Categories
Holidays

Happy New Year! Photographs from over a century of Chinese New Year celebrations in Manhattan

Head over to Chinatown this Sunday afternoon (February 17, starting at 1pm) for the Lunar New Year Parade and Festival, topping off two weeks of celebrations in honor of the Year of the Pig. (Find the parade route here. And get there early for a great spot.) [We also did a podcast episode on the history of New Year’s Eve […]

Categories
Holidays Podcasts

A New Year in Old New York: A history of celebration from Times Square to Chinatown

PODCAST The ultimate history of New Year’s celebrations in New York City. This is the story of the many ways in which New Yorkers have ushered in the coming year, a moment of rebirth, reconciliation, reverence and jubilation. In a mix of the old and new, we present a history of early New Year’s festivities, before […]

Categories
Amusements and Thrills

Digital City: New York and the World of Video Games

PODCAST The history of video games and arcades in New York City. New York has an interesting, complex and downright weird relationship with the video game, from the digital sewers below Manhattan to the neon-lit arcades of Times Square.  It’s not all nostalgia and nerviness; video games in the Big Apple have helped create communities and […]

The deadly history of Doyers Street: new on AOL Video

As part of their ‘What Remains’ series, the AOL On video channel is focusing its attention on Doyers Street in Chinatown, and I make a guest appearance here talking about this mysterious street and its gangster past.  This is a brief but very dramatic history of the street known one hundred years ago as ‘the Bloody Angle’. […]

The deadly history of Doyers Street: new on AOL Video

As part of their ‘What Remains’ series, the AOL On video channel is focusing its attention on Doyers Street in Chinatown, and I make a guest appearance here talking about this mysterious street and its gangster past.  This is a brief but very dramatic history of the street known one hundred years ago as ‘the Bloody Angle’. […]

Categories
Gangs of New York

New Year’s Murder: Return of the Tong Wars 1912

“On New Year’s Day they presented any celebration in Chinatown with fireworks. There have been murders sometimes when the whole joyful populace of the crooked streets of Doyers, Mott and Pell have been patriotically celebrating with gunpowder an historic anniversary.” — New York Times, 1/16/1912 The streets of Chinatown were relatively quiet in 1911, a […]

Park life: The anniversary of a name change in Chinatown

Next week begins ‘ghost stories’ week on the blog, but I need to make one more trip to Chinatown, the topic of the last podcast. As I just wrote about Columbus Day last week, I would be remiss if I skipped this very coincidental date in history. It was exactly one hundred years ago yesterday […]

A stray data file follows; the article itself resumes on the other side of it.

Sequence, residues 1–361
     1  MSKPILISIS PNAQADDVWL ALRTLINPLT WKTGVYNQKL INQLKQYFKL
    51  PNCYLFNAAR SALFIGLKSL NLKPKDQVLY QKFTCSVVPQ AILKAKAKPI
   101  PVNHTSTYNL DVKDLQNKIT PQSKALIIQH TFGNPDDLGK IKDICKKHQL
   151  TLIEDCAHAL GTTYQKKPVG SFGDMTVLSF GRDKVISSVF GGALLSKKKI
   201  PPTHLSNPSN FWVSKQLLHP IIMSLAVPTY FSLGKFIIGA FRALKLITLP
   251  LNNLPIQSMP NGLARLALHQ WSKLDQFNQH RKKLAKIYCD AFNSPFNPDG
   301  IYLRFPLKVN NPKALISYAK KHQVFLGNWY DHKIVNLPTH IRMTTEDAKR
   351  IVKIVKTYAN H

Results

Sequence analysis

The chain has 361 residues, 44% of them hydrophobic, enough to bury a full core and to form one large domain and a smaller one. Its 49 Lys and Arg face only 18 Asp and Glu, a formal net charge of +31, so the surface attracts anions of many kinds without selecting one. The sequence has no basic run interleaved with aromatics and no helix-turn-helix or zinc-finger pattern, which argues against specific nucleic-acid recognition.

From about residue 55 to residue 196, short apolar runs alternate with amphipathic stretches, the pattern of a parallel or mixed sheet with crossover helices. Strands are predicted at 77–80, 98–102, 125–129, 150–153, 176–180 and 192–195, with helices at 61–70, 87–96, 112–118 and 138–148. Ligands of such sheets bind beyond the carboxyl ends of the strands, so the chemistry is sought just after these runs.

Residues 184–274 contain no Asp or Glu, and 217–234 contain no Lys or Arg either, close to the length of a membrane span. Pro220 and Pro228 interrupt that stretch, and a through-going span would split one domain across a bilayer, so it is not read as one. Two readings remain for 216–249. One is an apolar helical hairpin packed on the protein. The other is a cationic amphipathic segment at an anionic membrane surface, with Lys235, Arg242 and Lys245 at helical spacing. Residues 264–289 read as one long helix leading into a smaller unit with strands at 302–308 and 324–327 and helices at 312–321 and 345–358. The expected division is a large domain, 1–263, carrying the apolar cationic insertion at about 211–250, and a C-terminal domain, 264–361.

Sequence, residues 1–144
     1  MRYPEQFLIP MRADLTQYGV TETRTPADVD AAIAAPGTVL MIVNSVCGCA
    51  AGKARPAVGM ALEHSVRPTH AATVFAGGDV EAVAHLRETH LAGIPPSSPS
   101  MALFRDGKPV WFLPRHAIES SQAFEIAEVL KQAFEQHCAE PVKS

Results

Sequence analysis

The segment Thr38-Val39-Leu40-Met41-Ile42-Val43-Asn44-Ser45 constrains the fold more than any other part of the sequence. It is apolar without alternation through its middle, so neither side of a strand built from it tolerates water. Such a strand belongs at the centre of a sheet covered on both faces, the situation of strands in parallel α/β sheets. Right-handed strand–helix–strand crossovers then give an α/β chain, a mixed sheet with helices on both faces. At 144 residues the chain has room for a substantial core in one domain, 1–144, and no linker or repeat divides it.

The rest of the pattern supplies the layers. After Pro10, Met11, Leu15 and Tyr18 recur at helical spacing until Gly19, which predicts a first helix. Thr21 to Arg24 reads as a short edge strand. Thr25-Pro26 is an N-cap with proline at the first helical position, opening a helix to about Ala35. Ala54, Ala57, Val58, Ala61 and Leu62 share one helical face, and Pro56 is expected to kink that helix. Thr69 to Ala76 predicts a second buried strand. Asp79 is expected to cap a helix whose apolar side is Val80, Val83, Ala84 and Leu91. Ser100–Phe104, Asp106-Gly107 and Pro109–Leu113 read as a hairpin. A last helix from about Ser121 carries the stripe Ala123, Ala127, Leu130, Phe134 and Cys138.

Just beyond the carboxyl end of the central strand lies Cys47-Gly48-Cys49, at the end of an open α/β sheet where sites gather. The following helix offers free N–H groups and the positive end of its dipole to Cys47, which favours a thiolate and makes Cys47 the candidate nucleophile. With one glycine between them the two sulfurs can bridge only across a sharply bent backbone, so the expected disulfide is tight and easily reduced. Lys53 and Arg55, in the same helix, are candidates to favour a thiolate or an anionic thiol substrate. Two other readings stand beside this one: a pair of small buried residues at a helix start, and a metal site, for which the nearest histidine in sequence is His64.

Opium heaven! Fears of Chinatown, immortalized in print

Reading about Chinatown in classic books like ‘Gangs of New York’, one gets a sense that certain mysteries and legends about the neighborhood were already firmly in place. And nothing of these gauzy preconceptions arose to the public consciousness more than the problem of Chinatown’s opium dens. In fact, no other feature of American Chinatowns […]

Notes from the podcast (#129): Manhattan’s Chinatown

Casual posing at the opening of Doyers Street, circa 1900. (LOC) I’m so relieved that we finally got to cover a proper New York neighborhood on the podcast. Since reviewing the historic shifts and events of a neighborhood are better covered topically, we hope there wasn’t too much confusion regarding the chronology. Manhattan’s Chinatown was […]

Manhattan’s Chinatown: a tribute to the old neighborhood, and to the temptations of rich delicacies and basement vices

Doyers Street or ‘the Bloody Angle’, a street you might not want to find yourself on in the 1900s — unless you were an opera buff. PODCAST Manhattan’s Chinatown is unique among New York neighborhoods as its origins and its provocative history can still be traced in many of the buildings and streets still in […]

New York’s oddest tourists: the Chinese delegation of 1911

Above: Chinese naval officers, with Mayor William Jay Gaynor, mounting the steps of Grant’s Tomb, 9/11/11. Workers at the Hudson waterfront awoke on September 11, 1911, to catch quite a curious sight in the water that day. It wasn’t the size of the ship that struck gathering crowds or its loud, rumbling engines; after all, the Chelsea […]

Where New York’s Chinese food addiction begins

I know that the native cuisine of New York City is officially pizza or hot dogs, but on a daily basis, perhaps nothing is consumed more in this city than Chinese food. There are hundreds of Chinese restaurants in this city; I’ve got four within a block of my apartment. Its probably impossible to identify […]

Jane, stop this crazy thing!

(Jacobs, as seen in Canada) We finally made it over to the Municipal Art Society’s exhibit on the extraordinary Jane Jacobs, community leader and civil planner whose theories on a successful urban landscape are currently fueling community activism today. Jane Jacobs and the Future of New York is part-bio on Jacobs, part inspection of her […]